Article  CAS  PubMed  Google Scholar 

  27. Helma C, Rautenberg M, Gebele D. Nano-lazar: read across predictions for nanoparticle toxicities with calculated and measured properties. Front Pharmacol. 2017;8:377.

    Article  PubMed  PubMed Central  Google Scholar 

  28. Toropova AP, Toropov AA. Nanomaterials: quasi-SMILES as a flexible basis for regulation and environmental risk assessment. Sci Total Environ. 2022;823:153747.

    Article  ADS  CAS  PubMed  Google Scholar 

  29. Walkey CD, Olsen JB, Song F, Liu R, Guo H, Olsen DWH, et al. Protein corona fingerprinting predicts the cellular interaction of gold and silver nanoparticles. ACS Nano. 2014;8(3):2439–55.

    Article  CAS  PubMed  Google Scholar 

  30. Delon L, Gibson RJ, Prestidge CA, Thierry B. Mechanisms of uptake and transport of particulate formulations in the small intestine. J Control Release. 2022;343:584–99.

    Article  CAS  PubMed  Google Scholar 

  31. Brodkorb A, Egger L, Alminger M, Alvito P, Assunção R, Ballance S, et al. INFOGEST static in vitro simulation of gastrointestinal food digestion. Nat Protoc. 2019;14(4):991–1014.

    Article  CAS  PubMed  Google Scholar 

  32. Jani PU, McCarthy DE, Florence AT. Nanosphere and microsphere uptake via Peyer’s patches: observation of the rate of uptake in the rat after a single oral dose. Int J Pharm. 1992;86(2):239–46.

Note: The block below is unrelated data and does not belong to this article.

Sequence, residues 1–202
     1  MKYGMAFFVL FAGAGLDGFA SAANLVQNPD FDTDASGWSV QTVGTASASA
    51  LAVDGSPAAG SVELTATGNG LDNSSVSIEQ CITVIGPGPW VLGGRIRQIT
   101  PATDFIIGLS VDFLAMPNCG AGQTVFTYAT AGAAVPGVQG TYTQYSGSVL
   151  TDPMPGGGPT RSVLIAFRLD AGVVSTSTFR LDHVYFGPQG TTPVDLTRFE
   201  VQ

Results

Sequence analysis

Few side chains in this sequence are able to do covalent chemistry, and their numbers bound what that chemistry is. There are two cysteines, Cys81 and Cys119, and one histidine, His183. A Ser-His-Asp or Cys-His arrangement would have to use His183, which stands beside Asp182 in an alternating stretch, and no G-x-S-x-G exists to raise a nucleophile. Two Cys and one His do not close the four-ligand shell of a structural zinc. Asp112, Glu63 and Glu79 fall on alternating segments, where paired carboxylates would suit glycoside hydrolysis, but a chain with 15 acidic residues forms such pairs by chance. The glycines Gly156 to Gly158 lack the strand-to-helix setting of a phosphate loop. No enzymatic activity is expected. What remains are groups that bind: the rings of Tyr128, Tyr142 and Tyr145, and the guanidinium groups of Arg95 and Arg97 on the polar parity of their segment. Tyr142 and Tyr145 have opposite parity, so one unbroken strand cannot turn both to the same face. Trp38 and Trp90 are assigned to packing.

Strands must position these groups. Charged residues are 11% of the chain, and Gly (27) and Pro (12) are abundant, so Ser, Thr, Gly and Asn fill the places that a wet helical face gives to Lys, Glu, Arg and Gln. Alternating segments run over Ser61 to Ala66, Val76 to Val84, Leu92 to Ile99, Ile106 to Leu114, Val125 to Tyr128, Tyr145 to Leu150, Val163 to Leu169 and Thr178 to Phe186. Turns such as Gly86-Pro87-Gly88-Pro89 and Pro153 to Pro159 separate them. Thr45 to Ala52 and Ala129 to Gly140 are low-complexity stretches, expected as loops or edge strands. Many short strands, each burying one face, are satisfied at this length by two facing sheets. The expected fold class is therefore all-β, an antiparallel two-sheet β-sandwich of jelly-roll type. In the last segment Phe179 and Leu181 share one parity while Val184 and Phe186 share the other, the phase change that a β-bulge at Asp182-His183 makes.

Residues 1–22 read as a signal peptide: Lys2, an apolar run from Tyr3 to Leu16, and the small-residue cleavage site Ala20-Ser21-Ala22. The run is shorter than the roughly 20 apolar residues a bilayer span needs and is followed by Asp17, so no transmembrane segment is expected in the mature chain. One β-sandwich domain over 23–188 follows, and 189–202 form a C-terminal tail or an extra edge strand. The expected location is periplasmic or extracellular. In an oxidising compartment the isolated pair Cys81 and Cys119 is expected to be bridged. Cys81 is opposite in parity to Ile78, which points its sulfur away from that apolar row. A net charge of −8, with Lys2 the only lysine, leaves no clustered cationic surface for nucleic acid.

Article  CAS  Google Scholar 

  33. Klisuric A, Thierry B, Delon L, Prestidge CA, Gibson RJ. Identifying human and murine M cells in vitro. Exp Biol Med. 2019;244(7):554–64.

    Article  CAS  Google Scholar 

  34. Lunov O, Syrovets T, Loos C, Beil J, Delacher M, Tron K, Nienhaus GU, Musyanovych A, Mailander V, Landfester K, Simmet T. Differential uptake of functionalized polystyrene nanoparticles by human macrophages and a monocytic cell line. ACS Nano. 2011;5(3):1657–69.

    Article  CAS  PubMed  Google Scholar 

  35. Kuhn DA, Vanhecke D, Michen B, Blank F, Gehr P, Petri-Fink A, et al. Different endocytotic uptake mechanisms for nanoparticles in epithelial cells and macrophages. Beilstein J Nanotechnol. 2014;5:1625–36.

    Article  PubMed  PubMed Central  Google Scholar 

  36. Ruder B, Becker C. At the forefront of the mucosal barrier: the role of macrophages in the intestine. Cells. 2020;9(10):2162.

    Article  CAS  PubMed  PubMed Central  Google Scholar 

  37. Mowat AM. Anatomical basis of tolerance and immunity to intestinal antigens. Nat Rev Immunol. 2003;3(4):331–41.

    Article  CAS  PubMed  Google Scholar 

  38. Turnbull EL, Yrlid U, Jenkins CD, Macpherson GG. Intestinal dendritic cell subsets: differential effects of systemic TLR4 stimulation on migratory fate and activation in vivo. J Immunol. 2005;174(3):1374–84.